In third grade I loved math. I was even in “math enrichment” meaning I got a packet of extra problems to try my luck solving. I prided myself on winning multiplication table trivia and winning “Around the World” (fun game). I enjoyed all of this. It worked my mind, made me curious, and even gave me confidence. I felt this way all through elementary school.

Middle school rolled around and I started having trouble. Not big trouble. I got through my first two years of middle school somewhat fine but still i was getting increasingly disheartened. In 8th grade the track was either honors or regular math and I was dying to be in all honors classes so that was where I went. And that was the end of me and math. I got my first B for the quarter. Suddenly my whole confidence with school became shaky and that, really, was when the fallout between me and math happened.

I got on the bandwagon with the people saying “math is pointless,” or “when am I ever going to use this in life?” and the usual bits. All through 9th and 10th grade that was what I said.

Now, I don’t feel much better about math class. But here is the distinction that I realized. It isnt math that I have a problem. Its how math is taught that I have a problem with. When I get to class I am not excited to begin discovering. My mouth is stuffed with formulas, and I’m given ways to solve every problem without even having to think about it. That isnt math.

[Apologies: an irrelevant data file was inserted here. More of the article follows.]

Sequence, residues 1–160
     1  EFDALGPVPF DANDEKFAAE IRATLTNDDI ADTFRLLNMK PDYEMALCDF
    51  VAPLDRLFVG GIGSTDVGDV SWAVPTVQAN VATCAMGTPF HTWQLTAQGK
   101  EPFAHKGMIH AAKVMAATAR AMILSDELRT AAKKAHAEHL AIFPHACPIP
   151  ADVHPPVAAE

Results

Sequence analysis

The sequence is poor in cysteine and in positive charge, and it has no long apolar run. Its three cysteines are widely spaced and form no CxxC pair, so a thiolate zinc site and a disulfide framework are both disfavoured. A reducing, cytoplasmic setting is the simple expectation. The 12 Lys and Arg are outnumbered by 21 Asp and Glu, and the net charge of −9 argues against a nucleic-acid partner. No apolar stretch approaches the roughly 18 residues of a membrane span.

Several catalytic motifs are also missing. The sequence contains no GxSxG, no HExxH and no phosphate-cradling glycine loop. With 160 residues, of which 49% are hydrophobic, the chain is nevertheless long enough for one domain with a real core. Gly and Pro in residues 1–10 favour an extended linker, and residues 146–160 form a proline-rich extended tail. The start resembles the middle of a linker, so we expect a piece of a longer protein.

I propose doing things a different way. Of course the basics of math have to be taught in a more interesting way, but for now I am going to talk about how I think I’d learn math better. Remember I am not even close to an expert on anything math related, I am just using my experiences. The different way I’m talking about revolves around a lot of things I’ve already talked about. As a student I’d rather find the formula than be given it. This goes back to my idea of developing thinking, but this also works to build the student’s confidence. Let us have the Eureka moment. I know that when I say make math fun I’ll be met with “that is the cliche answer everyone has been saying” but I really think that changing the philosphy of class from that of formula driven to one of discovery driven can really do that. Maybe it sounds like I’m giving a quick fix to a big issue. Maybe short term test grades won’t be golden, but I think kids gaining problem solving skills would translate to better test grades in the long run anyway. Even so, fixing test scores isn’t a comprehensive solution. And I don’t want to have to sacrifice discovery and problem solving skills to do well on a test.

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